The Mount Charleston wildfire continues to rage and dominate headlines as the top-priority blaze in the West. Since starting July 1 with a lightning strike, it has destroyed some 25,000 acres of Mount Charleston and six structures, and the longer it burns, the more questions area residents are asking themselves: What if our homes burn down? What if wildlife is permanently displaced or, worse, destroyed? And what will the mountains look like once all of this is over?
For Angie Tomashowski, a Mount Charleston resident for nearly 25 years and owner of Mount Charleston Realty with her husband for the past 21 years, the answers are more troubling than the questions. “I’m really trying to not even think in that direction,” she says. “If you asked anybody, I think we’re all still trying to process what’s happening. I guess we’re prepared for the worst, but we’re hoping and praying for the best right now.”
Through her job, Tomashowski is well aware of the residential makeup of the area. “Some have smaller, older vintage cabins, and others have big, luxurious custom estates. Some are part-timers, others have lived there 40 years.” But as devastating as the fire is for Mount Charleston’s hundreds of full-time residents, Tomashowski says everyone in the Valley shares this pain. “It’s not just the residents’ mountain, it’s all of Southern Nevada’s mountain.”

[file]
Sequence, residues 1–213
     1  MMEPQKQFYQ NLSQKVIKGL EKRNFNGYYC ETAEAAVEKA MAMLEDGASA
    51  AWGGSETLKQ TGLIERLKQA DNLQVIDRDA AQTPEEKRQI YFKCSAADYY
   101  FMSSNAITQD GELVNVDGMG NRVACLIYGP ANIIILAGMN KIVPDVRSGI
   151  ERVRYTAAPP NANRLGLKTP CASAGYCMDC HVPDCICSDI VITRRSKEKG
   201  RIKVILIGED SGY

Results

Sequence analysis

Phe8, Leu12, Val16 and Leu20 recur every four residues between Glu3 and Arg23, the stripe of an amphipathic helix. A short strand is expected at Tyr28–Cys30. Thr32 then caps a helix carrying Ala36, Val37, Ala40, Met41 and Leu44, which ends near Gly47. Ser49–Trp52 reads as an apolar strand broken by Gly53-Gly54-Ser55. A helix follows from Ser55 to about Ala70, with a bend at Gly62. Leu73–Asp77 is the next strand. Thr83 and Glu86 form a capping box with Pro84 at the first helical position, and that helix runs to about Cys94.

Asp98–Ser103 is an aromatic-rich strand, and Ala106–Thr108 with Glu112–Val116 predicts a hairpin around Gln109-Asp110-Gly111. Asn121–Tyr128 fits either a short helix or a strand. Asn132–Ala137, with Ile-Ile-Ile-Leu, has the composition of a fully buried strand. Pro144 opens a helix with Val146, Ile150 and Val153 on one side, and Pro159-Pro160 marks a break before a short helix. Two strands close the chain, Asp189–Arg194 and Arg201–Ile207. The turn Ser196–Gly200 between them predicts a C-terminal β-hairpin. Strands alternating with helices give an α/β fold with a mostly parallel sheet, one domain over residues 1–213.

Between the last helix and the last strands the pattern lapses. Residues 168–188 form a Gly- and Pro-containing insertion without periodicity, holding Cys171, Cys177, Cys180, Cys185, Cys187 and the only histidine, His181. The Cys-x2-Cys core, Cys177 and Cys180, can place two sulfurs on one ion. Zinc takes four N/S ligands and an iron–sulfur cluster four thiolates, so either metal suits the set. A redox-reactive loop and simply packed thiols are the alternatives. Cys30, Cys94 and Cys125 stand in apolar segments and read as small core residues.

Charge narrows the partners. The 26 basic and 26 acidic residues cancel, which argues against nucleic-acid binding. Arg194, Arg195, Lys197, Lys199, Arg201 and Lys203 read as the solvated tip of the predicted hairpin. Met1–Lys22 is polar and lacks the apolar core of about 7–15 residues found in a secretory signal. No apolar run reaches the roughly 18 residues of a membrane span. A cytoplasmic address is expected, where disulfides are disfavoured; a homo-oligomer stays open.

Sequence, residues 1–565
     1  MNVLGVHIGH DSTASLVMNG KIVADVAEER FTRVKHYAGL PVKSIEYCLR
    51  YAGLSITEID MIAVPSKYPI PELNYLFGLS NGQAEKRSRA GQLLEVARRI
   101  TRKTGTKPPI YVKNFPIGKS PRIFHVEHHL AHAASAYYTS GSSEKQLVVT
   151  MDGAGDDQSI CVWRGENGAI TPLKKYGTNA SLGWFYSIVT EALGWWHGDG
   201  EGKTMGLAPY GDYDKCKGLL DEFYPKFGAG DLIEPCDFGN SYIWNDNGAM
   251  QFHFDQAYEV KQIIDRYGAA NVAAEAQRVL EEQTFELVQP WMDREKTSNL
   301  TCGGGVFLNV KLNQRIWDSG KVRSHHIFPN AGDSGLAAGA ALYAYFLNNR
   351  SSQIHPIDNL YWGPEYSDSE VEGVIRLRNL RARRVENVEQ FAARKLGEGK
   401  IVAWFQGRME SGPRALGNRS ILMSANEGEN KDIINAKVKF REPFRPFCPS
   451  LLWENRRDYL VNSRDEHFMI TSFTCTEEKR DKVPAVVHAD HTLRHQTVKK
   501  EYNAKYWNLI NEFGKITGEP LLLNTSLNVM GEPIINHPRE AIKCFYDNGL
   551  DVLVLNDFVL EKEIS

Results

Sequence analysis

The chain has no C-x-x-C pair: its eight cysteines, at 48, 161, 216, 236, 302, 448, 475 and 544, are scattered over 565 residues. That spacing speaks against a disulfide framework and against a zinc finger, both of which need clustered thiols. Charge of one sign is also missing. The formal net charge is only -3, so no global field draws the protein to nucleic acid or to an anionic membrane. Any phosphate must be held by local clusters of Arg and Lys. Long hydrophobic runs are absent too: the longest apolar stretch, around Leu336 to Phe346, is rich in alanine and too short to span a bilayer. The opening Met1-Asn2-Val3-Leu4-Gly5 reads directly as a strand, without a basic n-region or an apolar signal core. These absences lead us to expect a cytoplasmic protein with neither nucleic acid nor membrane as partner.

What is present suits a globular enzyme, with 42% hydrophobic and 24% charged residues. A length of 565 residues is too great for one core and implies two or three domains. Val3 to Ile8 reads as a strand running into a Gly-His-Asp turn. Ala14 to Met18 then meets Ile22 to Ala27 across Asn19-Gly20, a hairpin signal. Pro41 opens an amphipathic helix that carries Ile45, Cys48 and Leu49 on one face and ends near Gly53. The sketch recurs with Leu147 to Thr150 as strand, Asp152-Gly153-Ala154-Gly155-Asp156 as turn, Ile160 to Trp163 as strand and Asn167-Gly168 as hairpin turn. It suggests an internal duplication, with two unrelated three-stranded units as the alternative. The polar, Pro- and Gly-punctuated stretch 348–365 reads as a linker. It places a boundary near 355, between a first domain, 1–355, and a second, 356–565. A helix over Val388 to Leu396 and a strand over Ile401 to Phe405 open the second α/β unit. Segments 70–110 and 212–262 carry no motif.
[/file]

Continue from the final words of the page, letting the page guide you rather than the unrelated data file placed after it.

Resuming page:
Nancy Barber has only lived full-time in Mount Charleston’s Rainbow Canyon for the last three years, but it was her summer home for nearly 20. A New Jersey native, Barber moved to Vegas decades ago, but couldn’t stand the heat, necessitating a summer escape. When the property next to their part-time residence became available, the Barbers bought it and built their dream house. The winters are a bit long for her taste, but she considers it the perfect place to live—or did, anyway.
Barber has her mind made up should the fire take her home: “I wouldn’t want to rebuild at Mount Charleston. For one thing, half the mountain is gone, and for another thing, it’s just too risky.” Her backup plan is to move to Oregon, and even if her home survives, Barber doesn’t want to live in an area where the scenic views have been replaced with ash and a denuded landscape. “If the whole thing is burned to the ground, I don’t think I could stand to look at that every day.”